Brickmason & Blockmason
What can a Brickmason & Blockmason do?
They can make brick houses and schools.
They can build block walls and buildings.
Salary and Benefits
According to the BLS, Brickmasons and Blockmasons earned a median wage of $46,800 in 2011, or $22.50 per hour. The best-paid earned a median wage of $80,570, while the lowest-paid earned less than $28,950 in 2011. Apprentice masons earn roughly half of journeymen wages. Commercial jobs tend to be more complex, requiring compliance with extensive government and project design and building protocols. Masons who work on commercial jobs tend to be more experienced and earn higher salaries than residential masons.
Education & Training
Brickmasons and stonemasons can learn on the job as well as from one-year or two-year training programs at technical colleges. Many also complete extensive apprenticeship programs. The programs are free to apprentices and funded by employers and unions. They usually last three or four years and require at least 144 hours of classroom training each year and 2,000 hours of on-the-job experience.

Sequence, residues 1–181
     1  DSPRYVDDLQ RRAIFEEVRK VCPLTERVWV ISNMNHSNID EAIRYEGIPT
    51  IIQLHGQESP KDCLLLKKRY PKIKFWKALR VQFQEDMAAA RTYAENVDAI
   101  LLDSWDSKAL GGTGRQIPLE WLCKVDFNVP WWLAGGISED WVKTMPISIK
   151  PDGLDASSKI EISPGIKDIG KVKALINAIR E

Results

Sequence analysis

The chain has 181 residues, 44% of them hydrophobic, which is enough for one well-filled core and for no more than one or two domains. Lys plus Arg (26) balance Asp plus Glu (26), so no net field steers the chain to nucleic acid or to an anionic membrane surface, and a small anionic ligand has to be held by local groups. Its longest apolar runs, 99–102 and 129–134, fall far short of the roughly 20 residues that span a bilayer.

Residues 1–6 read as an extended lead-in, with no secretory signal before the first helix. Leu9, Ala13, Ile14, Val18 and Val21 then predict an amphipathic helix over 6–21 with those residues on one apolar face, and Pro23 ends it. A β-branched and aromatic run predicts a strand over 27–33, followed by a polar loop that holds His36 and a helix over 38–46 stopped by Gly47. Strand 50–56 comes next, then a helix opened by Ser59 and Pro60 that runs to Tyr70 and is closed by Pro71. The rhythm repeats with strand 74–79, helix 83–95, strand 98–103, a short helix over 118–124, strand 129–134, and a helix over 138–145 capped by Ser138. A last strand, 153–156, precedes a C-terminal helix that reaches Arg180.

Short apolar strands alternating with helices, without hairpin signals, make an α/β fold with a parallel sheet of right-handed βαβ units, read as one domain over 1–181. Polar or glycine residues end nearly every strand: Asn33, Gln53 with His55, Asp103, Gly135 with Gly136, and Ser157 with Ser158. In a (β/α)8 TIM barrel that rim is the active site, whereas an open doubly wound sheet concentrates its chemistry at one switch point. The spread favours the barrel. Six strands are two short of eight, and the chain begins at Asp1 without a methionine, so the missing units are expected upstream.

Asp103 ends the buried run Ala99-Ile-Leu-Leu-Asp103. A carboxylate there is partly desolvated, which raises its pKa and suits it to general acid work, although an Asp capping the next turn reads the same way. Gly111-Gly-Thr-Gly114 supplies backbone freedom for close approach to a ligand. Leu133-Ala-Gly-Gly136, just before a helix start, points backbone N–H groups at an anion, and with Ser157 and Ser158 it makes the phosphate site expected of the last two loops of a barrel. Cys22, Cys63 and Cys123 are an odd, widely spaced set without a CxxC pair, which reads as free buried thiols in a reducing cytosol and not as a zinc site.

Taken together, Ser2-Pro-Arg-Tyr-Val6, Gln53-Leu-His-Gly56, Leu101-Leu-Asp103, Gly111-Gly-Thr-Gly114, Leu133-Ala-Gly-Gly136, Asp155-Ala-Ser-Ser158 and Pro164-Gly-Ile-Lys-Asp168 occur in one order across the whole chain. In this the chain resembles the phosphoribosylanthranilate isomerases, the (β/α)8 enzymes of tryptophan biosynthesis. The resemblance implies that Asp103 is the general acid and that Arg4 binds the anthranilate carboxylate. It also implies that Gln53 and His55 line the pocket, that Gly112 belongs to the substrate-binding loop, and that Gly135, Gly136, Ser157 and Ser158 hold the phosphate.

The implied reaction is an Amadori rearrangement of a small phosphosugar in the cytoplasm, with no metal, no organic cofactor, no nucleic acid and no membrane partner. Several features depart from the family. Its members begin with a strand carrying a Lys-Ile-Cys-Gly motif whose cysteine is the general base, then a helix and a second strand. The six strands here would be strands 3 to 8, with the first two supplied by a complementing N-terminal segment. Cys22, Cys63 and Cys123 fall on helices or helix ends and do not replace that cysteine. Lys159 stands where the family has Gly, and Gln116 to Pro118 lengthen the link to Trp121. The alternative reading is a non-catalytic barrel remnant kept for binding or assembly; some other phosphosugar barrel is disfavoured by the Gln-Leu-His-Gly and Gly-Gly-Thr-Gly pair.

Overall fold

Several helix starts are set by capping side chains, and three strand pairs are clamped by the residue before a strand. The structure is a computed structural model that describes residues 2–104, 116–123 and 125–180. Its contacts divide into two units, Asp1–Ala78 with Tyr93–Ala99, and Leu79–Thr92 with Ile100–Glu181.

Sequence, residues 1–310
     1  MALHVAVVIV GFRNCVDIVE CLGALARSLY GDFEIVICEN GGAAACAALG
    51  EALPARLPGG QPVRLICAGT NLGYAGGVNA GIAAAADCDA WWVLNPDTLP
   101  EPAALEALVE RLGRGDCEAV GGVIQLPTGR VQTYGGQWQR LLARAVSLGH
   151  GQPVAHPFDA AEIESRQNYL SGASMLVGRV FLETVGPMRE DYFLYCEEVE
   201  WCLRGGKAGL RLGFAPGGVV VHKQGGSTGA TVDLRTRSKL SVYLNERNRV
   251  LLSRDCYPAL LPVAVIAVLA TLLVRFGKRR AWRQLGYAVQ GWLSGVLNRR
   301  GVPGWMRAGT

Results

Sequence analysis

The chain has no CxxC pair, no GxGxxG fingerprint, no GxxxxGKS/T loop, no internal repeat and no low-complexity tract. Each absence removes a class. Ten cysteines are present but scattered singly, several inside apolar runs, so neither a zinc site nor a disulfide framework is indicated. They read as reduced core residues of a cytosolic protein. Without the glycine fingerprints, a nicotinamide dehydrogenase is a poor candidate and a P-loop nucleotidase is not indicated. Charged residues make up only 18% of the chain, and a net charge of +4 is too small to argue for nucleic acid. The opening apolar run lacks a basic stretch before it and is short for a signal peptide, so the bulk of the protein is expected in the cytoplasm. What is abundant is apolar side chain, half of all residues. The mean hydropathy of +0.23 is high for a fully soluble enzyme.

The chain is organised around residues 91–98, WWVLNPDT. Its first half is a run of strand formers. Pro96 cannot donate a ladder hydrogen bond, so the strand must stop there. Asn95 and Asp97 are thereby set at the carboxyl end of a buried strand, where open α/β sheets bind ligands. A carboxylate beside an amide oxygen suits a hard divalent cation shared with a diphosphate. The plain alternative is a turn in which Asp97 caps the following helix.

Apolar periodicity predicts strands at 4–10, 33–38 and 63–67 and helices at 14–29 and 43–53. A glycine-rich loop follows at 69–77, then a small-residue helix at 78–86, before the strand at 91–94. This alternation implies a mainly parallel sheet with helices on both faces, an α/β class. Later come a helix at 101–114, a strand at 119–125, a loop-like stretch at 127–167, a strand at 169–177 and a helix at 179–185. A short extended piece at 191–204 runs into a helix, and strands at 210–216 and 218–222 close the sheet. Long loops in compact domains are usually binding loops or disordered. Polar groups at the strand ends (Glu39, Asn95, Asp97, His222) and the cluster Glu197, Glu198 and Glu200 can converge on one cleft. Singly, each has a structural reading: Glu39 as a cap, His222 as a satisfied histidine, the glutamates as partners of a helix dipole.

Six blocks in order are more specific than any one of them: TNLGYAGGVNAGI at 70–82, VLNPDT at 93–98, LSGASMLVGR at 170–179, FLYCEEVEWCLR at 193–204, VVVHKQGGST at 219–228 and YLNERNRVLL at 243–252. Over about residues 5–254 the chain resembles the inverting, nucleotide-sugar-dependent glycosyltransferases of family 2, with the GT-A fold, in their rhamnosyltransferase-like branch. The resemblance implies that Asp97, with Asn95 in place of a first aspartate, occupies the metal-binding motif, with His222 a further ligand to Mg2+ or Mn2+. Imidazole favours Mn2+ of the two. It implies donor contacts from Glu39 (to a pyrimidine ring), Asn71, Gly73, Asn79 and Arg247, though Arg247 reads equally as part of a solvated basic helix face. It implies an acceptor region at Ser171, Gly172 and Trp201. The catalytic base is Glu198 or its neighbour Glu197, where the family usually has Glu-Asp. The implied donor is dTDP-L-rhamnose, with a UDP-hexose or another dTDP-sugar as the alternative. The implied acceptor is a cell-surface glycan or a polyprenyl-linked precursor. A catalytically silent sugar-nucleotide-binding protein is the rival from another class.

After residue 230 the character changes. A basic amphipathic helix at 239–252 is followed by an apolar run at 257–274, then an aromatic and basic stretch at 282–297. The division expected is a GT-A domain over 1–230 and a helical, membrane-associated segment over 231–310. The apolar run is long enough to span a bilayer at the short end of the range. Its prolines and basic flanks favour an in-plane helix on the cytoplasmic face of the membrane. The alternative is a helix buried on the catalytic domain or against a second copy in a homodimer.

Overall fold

Working Conditions & Pros/Cons
The work is usually outdoors and seasonal in colder climates. Work schedules tend to be standard 40-hour weeks but can be thrown off by inclement weather and project deadlines. Many self-employed masons work on smaller residential jobs. The work is physically demanding, usually performed on scaffolding, and requires manual dexterity, attention to design detail, and stamina. Working outdoors and with heavy and sharp-edged stone and brick, masons suffer much higher injury and illness rates than industry averages, with muscle strains being the most common injury. Masons often enjoy the design challenges of their job.
Job and Promotion Opportunities
High school training programs increasingly are a conduit for getting into masonry craft jobs. So are apprenticeship programs. Having a friend or relative in the construction trades industry is also a common way new entrants learn of job opportunities and apply for work